The S&P 500 returned more than 24,700% from 1965 - 2022. That comes out to about 9.9% annually. According to Berkshire Hathaway’s most recent annual report, its stock has returned over 3.7 million percent over the same time frame, or a compounded annual return of 19.8% (double the S&P 500)1.
Warren Buffett has sat at the helm of Berkshire for over half a century, and outperforming the S&P 500 by a few million percent has cemented his status as one of the greatest investors ever. However, the chart below shows that the story changes as the time horizon shrinks from decades down to days.
Source: Bloomberg, Darwin Asset Management analysis.
Starting on the right, there hasn’t been a single 15-year period when Buffett underperformed the S&P 500. That’s a staggering feat but also a testament to his patience and focus on fundamentals. But as the time horizon shortens, the Oracle of Omaha does worse. Not only has he lost to the S&P 500 one out of every three years, he has done no better than a coin toss on a monthly and daily basis.
Three takeaways here. First, if one of the smartest and most skilled investors to ever walk on earth can’t consistently beat the S&P 500 daily, monthly, or even annually, then neither can you nor I. Spending too much time on the sentiment of the market risks losing the forest for the trees, which usually ends badly. But this chart shows that there’s no reason to even try. Buffett’s success proves you don’t need to outperform every year to build wealth.
Second, be very careful to take annual returns too seriously. Think about what an investor would have left on the table had they “fired” Buffett after a year when he lost to the S&P 500. No question returns matter, but every money manager underperforms their benchmark at times. Assessing skill takes more than just asking, “What have you done for me lately?”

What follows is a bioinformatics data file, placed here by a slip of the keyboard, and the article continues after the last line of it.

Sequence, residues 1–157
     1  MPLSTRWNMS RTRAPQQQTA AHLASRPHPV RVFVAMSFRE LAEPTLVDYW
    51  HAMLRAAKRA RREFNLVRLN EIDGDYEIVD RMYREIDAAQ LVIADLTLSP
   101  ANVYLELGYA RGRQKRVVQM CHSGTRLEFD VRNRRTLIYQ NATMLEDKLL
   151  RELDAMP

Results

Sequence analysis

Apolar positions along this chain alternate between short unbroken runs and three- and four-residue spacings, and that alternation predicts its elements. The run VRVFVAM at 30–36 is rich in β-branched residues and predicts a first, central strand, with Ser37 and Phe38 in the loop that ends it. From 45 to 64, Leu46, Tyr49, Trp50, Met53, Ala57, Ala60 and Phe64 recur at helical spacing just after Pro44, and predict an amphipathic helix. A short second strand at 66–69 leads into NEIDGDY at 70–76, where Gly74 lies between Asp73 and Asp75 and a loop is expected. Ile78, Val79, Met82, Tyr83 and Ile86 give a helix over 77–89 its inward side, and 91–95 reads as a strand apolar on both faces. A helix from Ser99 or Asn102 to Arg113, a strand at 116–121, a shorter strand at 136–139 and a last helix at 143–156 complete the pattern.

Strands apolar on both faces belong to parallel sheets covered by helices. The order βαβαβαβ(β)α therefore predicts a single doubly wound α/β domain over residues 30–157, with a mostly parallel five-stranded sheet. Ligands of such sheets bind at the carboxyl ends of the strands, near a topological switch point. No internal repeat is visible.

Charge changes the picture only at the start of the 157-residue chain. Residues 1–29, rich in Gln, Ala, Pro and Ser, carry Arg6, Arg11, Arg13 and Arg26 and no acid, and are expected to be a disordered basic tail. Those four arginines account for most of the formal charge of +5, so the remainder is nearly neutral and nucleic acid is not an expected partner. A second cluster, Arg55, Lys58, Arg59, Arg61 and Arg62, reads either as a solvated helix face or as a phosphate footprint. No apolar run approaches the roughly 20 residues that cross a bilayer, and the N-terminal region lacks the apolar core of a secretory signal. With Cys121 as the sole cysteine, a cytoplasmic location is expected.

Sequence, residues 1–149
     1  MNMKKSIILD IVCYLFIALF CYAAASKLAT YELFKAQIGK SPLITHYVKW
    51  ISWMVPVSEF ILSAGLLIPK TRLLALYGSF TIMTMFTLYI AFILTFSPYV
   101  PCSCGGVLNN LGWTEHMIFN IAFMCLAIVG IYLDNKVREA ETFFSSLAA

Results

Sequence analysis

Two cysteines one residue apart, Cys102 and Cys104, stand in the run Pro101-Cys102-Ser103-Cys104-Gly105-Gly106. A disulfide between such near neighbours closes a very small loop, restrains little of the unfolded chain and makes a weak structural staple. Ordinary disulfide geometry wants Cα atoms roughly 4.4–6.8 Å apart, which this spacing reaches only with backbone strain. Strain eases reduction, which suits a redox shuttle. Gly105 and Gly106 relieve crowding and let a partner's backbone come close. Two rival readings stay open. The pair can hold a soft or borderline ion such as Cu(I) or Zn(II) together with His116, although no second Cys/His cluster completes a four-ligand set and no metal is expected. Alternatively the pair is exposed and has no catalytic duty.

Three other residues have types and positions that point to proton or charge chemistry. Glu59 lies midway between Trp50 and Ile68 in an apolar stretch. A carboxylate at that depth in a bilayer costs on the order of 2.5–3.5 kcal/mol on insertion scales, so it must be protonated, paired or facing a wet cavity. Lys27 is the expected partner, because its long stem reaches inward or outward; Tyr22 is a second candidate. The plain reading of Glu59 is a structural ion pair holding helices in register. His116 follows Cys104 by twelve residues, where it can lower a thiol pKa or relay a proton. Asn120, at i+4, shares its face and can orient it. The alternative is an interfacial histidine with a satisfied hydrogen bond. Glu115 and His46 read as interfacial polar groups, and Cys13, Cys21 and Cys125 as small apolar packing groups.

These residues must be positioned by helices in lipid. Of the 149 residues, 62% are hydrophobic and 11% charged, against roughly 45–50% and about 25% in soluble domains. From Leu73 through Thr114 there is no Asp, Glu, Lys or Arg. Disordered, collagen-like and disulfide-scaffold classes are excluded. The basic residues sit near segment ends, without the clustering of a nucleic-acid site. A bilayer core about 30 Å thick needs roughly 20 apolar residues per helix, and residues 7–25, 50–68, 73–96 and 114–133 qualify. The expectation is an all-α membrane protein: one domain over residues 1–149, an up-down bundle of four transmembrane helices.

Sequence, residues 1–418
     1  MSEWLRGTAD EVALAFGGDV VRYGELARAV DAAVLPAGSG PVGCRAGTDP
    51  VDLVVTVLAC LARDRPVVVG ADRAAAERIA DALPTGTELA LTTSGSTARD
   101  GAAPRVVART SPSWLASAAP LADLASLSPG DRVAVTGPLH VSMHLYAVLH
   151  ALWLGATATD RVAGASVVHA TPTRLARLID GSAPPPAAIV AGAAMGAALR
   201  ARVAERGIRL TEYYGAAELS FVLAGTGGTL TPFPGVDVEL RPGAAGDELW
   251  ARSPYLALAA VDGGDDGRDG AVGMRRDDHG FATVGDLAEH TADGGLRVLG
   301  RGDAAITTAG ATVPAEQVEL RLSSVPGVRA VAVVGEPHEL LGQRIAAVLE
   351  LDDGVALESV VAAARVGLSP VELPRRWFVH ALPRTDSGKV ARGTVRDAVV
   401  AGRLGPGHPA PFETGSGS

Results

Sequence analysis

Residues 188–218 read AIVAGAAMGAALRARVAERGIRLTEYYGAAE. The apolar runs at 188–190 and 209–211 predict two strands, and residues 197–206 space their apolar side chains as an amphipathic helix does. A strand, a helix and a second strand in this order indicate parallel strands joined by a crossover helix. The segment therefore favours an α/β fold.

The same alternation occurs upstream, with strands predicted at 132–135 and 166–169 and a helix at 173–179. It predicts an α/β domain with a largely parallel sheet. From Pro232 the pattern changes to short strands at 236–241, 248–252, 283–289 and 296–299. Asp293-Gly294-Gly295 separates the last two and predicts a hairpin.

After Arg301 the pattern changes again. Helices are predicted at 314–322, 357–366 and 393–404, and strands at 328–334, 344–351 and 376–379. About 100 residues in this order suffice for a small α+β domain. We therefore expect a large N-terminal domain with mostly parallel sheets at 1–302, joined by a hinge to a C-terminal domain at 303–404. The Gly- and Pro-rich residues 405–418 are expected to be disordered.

Third, Albert Einstein famously said:
“Compound interest is the eighth wonder of the world. He who understands it, earns it ... he who doesn't ... pays it.”
There is simply no better way to describe the astonishing power of compounding. Warren Buffett didn’t achieve so much success by knowing what stocks were hot at any given time. He got there because early on, he understood compounding better than the rest, and it’s a lesson that can benefit us all.
But compounding requires patience. It doesn’t happen overnight or even in a year or two. The chart below shows this power takes a while to kick in, but when it does, there’s nothing quite like it. This compares the effects of compound interest on a $10,000 initial investment using different rates of return.
The Bottom Line
Few people will ever be as wealthy as Warren Buffett. He is a prodigy, and only so many are walking around. But we don’t need to be geniuses to achieve our financial goals (unless those include becoming a billionaire investor).
Investing is an odd profession because it’s one of the few where a novice with zero experience and education can achieve success. Think about it. Surgeons and litigators spend years perfecting their trade. Beginners wouldn’t stand a chance in the operating room or a court of law.
But fancy degrees, residencies, and clerkships are neither prerequisites nor assurances for investing success. Let’s revisit the three lessons discussed above – daily market movements are irrelevant, annual returns can be a trap, and compounding is awesome. All of these can benefit any investment strategy by any investor at any time. It just takes discipline and keeping it together when markets go crazy. Two simple ways to do that are to target a digestible level of risk and stop watching financial news.
The bottom line is that just because the advice from an investing legend may seem relatively simplistic to follow, that doesn’t mean it’s easy. Tolerating market declines and sticking with a strategy through periods of underperformance take a strong stomach. But that’s the price we must occasionally pay to achieve our financial goals.
This material has been prepared for informational purposes only and should not be construed as a solicitation to effect, or attempt to effect, either transactions in securities or the rendering of personalized investment advice. This material is not intended to provide, and should not be relied on for tax, legal, investment, accounting, or other financial advice. You should consult your own tax, legal, financial, and accounting advisors before engaging in any transaction. Asset allocation and diversification do not guarantee a profit or protect against a loss. All references to potential future developments or outcomes are strictly the views and opinions of Richard W. Paul & Associates and in no way promise, guarantee, or seek to predict with any certainty what may or may not occur in various economies and investment markets. Past performance is not necessarily indicative of future performance.